By CHRISTINE PEAT
Published: June 27, 2014
Receiving a report card is, for most of us, a standard part of our education and a marker of our progress throughout various classes. With these report cards we can evaluate our performance in a given class relative to our peers and, in some cases, to national standards that have been established. But what if we received report cards on our body weight and body mass index (BMI)? Some of our readers may be well familiar with this practice as nearly one quarter of schools in the United States require students’ heights and weights to be measured and in many cases these states also require parent notification of the results. In 2003 Arkansas implemented a statewide BMI screening and surveillance program for all primary and secondary school students, making it the first statewide program in the country. In even more recent news, this spring the New York Department of Education started a BMI report card program called “Fitnessgrams” that reports on students’ weight and BMI and even goes so far as to place students in categories based on their weight. However, it is important to note that just as with report cards for academic grades, these programs are not without their share of criticism and can be fraught with potentially dangerous outcomes.
In New York, for example, students have responded to the Fitnessgrams with confusion and lowered self-esteem, suggesting that they are ill equipped to interpret the information in a meaningful way. There is also a well-established literature in the eating disorders field suggesting that an overemphasis on physical appearance and/or weight can place people at increased risk for disordered eating and dangerous weight control practices. Thus, the Academy for Eating Disorders (AED) recently issued an official press release taking a stand against BMI report cards stating numerous concerns about the practice and its potentially unanticipated adverse effects. The AED reminds us that BMI is a poor proxy for health and even more so in children who are still developing in terms of height and muscle mass. The AED also expressed marked concern about the potential for these Fitnessgrams to contribute to even further “fat-shaming” and weight-based stigma as students are now essentially being graded on their weight. What’s worse is that once students and parents are provided with BMI/weight information, they are often not given appropriate recommendations or referrals. Dr. Allison Nihiser, a health scientist from the US Center for Disease Control (CDC), reports that an effective referral system is lacking such that students who are identified as over or underweight are not being linked to … “community health resources to make sure families get an accurate diagnosis and some evidence-based information about what the next steps are to make a healthy lifestyle.” Left without this crucial information, parents and students might be tempted to implement potentially harmful weight-loss and dieting practices.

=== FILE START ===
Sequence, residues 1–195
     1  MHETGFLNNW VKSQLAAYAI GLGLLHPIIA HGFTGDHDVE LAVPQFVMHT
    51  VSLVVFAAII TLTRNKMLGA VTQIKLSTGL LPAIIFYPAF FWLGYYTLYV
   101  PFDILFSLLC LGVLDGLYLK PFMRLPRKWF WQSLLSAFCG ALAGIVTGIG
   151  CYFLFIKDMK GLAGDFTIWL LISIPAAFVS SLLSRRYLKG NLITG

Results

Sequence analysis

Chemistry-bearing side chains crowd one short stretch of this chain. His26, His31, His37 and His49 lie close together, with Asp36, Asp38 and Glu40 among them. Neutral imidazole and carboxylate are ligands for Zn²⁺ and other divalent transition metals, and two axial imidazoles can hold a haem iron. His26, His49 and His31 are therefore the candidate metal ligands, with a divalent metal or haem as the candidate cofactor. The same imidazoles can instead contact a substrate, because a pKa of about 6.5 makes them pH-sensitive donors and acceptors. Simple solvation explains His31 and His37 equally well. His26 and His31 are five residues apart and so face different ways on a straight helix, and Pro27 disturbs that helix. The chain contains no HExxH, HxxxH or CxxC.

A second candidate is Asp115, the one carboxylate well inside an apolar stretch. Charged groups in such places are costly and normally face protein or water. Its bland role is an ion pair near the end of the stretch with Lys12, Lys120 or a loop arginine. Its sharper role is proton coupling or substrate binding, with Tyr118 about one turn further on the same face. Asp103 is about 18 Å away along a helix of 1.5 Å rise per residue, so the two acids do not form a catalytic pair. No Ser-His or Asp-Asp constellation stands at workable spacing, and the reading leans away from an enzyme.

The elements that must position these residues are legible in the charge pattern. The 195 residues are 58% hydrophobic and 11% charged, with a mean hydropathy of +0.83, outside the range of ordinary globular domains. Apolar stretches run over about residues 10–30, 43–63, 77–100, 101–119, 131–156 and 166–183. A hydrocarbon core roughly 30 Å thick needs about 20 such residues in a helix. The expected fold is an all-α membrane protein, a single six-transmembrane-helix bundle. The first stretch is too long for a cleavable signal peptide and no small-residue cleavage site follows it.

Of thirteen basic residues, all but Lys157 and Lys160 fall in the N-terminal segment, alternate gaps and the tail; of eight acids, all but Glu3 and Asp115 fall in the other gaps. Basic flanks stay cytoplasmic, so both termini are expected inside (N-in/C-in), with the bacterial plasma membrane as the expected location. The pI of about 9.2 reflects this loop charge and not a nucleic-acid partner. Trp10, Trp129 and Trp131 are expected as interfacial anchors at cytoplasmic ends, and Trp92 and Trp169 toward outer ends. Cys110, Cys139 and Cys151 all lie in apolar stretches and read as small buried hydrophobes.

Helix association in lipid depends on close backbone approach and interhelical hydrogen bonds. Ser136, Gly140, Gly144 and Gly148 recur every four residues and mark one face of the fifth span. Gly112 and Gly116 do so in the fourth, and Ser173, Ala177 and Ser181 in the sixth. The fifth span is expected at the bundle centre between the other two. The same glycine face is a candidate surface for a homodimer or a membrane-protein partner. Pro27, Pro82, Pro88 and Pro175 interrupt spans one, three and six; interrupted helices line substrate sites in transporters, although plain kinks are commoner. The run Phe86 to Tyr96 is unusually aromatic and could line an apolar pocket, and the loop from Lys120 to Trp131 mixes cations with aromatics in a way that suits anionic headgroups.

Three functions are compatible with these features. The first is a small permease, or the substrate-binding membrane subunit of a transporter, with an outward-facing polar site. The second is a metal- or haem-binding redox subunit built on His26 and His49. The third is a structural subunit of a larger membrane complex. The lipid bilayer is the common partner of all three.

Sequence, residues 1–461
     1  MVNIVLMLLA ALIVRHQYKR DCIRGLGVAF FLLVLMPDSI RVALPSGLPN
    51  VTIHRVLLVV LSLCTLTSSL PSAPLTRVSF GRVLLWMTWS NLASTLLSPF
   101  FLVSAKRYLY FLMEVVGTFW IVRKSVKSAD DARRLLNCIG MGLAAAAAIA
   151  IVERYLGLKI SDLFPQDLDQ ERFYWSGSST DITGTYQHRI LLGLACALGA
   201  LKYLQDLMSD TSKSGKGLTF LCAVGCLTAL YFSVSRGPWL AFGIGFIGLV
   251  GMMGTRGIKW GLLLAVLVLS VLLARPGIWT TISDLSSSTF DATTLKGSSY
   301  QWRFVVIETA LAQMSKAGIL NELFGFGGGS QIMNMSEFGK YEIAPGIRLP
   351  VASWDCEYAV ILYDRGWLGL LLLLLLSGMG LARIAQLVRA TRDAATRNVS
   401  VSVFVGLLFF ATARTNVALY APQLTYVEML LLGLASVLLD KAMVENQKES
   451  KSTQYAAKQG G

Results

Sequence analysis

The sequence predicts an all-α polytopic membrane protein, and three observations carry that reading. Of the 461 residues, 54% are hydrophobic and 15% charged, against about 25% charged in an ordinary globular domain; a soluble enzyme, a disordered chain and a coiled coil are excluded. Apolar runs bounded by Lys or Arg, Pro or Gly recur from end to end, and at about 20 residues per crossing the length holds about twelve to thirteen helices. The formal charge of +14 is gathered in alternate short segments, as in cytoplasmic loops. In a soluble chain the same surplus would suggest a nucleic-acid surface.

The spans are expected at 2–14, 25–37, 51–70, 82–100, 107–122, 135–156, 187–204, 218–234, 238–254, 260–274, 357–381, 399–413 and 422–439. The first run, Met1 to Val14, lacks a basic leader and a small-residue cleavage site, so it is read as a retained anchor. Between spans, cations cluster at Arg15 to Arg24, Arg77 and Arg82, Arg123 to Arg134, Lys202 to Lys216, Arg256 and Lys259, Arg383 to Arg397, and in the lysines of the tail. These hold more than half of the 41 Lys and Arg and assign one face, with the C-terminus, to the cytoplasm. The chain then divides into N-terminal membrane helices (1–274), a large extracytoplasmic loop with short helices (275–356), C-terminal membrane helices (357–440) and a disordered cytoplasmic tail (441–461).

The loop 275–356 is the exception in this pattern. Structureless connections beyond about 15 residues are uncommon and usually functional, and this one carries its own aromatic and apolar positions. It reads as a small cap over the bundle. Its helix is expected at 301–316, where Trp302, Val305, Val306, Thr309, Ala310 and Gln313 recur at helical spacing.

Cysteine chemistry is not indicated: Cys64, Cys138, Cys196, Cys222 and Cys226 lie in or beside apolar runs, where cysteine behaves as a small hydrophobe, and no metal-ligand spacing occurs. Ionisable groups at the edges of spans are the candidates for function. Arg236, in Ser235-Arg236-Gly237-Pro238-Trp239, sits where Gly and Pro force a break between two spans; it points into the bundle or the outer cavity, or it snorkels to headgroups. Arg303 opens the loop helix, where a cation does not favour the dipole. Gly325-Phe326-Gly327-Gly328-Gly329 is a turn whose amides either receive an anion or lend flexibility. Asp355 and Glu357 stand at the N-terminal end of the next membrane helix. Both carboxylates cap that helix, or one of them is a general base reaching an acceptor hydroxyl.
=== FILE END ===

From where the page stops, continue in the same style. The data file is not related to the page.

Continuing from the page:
The AED is not the only organization to have expressed concern about BMI reporting in schools. The Eating Disorders Coalition and Families Empowered and Supporting Treatment of Eating Disorders (FEAST) have also spoken out against the practice and even the American Academy of Pediatrics has stated that BMI screening should only be conducted by family physicians, “… as a part of normal health supervision within the child’s medical home.” Additionally, the CDC has stated that, “little is known about the outcomes of BMI measurement programs, including effects on weight-related knowledge, attitudes, and behaviors of youth and their families. As a result, no consensus exists on the utility of BMI screening programs for young people.” Thus, collectively it would seem that both healthcare providers and advocacy groups alike are concerned about BMI reporting in schools and, at best, there is inconclusive evidence about the efficacy of these reports.
So what can you do if you too are concerned about BMI report cards in schools? You can meet with your school’s administrators and express your concerns. You can bring evidence like that contained with in the AED press release and discuss the very real dangers of disordered eating and weight-based stigma that can occur with these reports. You can educate yourself on alternatives to these reports and guidelines for implementing healthy, supportive programs for children in schools. For example, the AED has published Guidelines for Childhood Obesity Prevention Programs and the CDC has developed a list of safeguards to reduce the risk of harming students with BMI measurement programs. And if you have children, you can talk with them about maintaining a healthy lifestyle that focuses on behaviors and not weight. You can have their health monitored by a professional and talk honestly with them about any concerns they might have. You can make sure that you model a healthy relationship with your own body and monitor how you talk about others’ bodies. Any of these have the potential to make a significant impact on not only your children, but those in your community as well. So educate yourself and use your voice to inspire change where you see fit!